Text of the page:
The road has been long and windy, the bathroom breaks numerous. The maps have proven increasingly futile. When you begin to think, “I might be lost,” you most likely are.
Meanwhile, the kids are growing restless in the backseat. They start arguing about who gets the last juice box, and then who uses the blanket. Next comes a competition of who can stay up later. This denigrates into bickering over marginally different health care and economic ideologies, parlaying each others' “facts” and “experiences,” and finally who has the cooler Tamagotchi.
At last, from the front seat:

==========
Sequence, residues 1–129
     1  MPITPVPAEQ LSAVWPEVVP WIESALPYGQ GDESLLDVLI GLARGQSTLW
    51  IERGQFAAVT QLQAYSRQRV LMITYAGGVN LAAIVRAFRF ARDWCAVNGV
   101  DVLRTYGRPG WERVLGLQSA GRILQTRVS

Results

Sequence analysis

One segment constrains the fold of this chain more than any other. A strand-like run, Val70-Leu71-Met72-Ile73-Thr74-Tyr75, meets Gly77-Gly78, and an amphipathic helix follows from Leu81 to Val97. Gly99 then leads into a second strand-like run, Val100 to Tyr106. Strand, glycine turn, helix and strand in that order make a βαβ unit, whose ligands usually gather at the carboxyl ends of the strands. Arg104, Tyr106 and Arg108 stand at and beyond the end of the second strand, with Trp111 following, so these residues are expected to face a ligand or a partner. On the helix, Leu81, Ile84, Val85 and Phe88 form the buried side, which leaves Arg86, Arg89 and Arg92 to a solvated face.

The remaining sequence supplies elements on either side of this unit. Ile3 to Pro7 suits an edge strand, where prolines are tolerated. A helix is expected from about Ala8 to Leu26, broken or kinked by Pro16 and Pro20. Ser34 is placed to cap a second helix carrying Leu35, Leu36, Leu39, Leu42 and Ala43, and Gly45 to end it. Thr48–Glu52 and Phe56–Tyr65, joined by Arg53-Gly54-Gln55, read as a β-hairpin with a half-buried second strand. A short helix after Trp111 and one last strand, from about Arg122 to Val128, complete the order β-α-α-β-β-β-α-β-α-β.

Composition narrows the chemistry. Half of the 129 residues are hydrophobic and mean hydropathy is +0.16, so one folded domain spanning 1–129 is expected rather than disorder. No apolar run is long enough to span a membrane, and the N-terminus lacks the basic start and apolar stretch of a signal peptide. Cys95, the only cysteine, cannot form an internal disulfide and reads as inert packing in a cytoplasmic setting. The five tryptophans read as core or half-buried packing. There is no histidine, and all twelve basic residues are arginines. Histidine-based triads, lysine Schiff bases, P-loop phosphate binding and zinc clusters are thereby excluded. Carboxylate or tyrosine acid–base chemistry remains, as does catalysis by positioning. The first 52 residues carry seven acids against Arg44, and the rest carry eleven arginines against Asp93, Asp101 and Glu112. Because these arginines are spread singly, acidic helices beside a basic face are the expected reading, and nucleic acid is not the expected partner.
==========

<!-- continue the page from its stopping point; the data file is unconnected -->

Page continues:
“You two need to settle down. If you both don’t stop it right now, I'll turn this car around, and we'll drive all the way back to Denver.”
Just hype? Posturing? Empty threats?
Perhaps Howard Dean has been sitting on John Edwards' thoughts that “all this bickering will not get one child health care.”
Playing the role of the Democratic patriarch, Dean came out and said “the candidates have got to understand that they have an obligation to our country to unify. Somebody is going to lose this race with 49.8 percent of the vote and that person has got to pull their supporters in behind the nominee."
Yes, but is there crying in